We are taking to the picket lines this week with over 150,000 other local government workers. Colleagues in the Unite and the GMB unions are striking with us.
We are taking 24-hour strike action because we are determined to stop our low wages being effectively cut further with a below-inflation 2.5 percent pay offer.
Low paid workers should not be forced to pay for the economic crisis. Rising inflation is not caused by wage rises – and it is not going to be solved by wage cuts.
Local government workers on the lowest grade earn just £5.81 per hour. The current pay offer would add only an extra 15p an hour.
It is outrageous that the Westminster and Scottish governments think that local government workers can accept wage cuts as we enter into recession.
Like millions of other workers in Britain we are all worried about how we are going to pay for heating and gas, and put food on the table.
We are told that wage rises would mean other cuts. But why should our wages subsidise councils because Gordon Brown won’t fund public services?
Many of us work hard delivering services that we care about. Yet time and again we have seen our working conditions attacked and our pay fall. Now is the time to stand and fight.
Our first strike in August forced the employers – the Convention of Scottish Local Authorities (Cosla) – to re-open talks and admit that the current rate of inflation should be taken into account.
But in the first meeting, the employers’ representatives said that any increase in the offer would only be in tenths of a percent.
Then they said there would be no increase at all on the previous offer of 2.5 percent.
Their only concession was to limit the pay deal to a single year instead of three.
They then had the cheek to suggest that they and the unions should jointly approach the Scottish government to ask for more money and to set up a joint working party on low pay.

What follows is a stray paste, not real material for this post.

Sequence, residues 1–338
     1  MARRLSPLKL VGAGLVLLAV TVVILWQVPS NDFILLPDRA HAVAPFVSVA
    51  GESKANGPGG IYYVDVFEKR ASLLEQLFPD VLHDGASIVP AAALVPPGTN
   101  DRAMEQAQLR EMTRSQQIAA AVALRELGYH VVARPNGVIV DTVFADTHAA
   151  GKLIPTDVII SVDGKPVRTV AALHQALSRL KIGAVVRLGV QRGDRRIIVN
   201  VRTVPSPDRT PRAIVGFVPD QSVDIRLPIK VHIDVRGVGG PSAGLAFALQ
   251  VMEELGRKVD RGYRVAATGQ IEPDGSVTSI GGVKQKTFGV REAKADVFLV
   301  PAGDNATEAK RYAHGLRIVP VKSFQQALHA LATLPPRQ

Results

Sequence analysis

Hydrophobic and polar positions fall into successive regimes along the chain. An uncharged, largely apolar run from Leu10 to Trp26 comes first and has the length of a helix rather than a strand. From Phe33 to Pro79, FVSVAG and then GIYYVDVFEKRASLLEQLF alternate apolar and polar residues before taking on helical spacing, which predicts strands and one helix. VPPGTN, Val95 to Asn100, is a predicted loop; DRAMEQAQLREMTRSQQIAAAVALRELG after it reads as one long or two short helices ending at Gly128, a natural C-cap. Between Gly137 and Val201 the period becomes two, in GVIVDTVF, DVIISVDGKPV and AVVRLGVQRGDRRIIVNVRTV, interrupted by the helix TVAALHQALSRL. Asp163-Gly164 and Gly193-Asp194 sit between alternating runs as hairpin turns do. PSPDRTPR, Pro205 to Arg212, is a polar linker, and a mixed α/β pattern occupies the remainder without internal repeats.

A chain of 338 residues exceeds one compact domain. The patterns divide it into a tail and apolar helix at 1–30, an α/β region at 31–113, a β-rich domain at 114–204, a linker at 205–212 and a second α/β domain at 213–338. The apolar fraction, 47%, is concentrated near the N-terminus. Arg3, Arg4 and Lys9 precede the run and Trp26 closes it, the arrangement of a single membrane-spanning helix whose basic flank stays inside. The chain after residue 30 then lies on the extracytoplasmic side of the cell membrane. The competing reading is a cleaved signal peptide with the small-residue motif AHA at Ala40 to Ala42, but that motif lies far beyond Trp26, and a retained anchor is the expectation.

Cosla have accused our negotiators of making “fantasy” demands by putting forward our claim for a 5 percent wage increase, or £1,000 if that is greater.
The reality is that if we get a 5 percent rise then we will not have had a pay cut. That’s not fantasy – it’s economic necessity.
The employers have tried to undermine the unions’ confidence – in particular there have been threats that a number of schools that closed during the last strike will open this time.
But the strength of our action can put them on the back foot again.
We are not alone in our fight. Civil service workers in the PCS union at the Scottish Courts Service, Crown Office and Procurator Fiscal’s Service struck on Tuesday.
Bectu members in Glasgow are also striking on Wednesday.
Across the public sector there is fury against the attacks on wages. Our strength is our unity. It is important that all the local government unions are taking action together.
In October the planned two waves of Scotland-wide selective strike action, and the third wave of selective action organised by branches, need to be as successful as possible.
We must repeat the vibrant picket lines and ensure there are rallies that can involve workers who are not on strike to give them the chance to show their support for those who are.
We also need to push for more widespread joint strikes should make links with others fighting over pay.
Together we can win.
March and rally Edinburgh, Wednesday 24 September. Assemble 12.30pm outside City Chambers, High Street. Rally at 1.45pm, Ross Bandstand, West Princes Street Gardens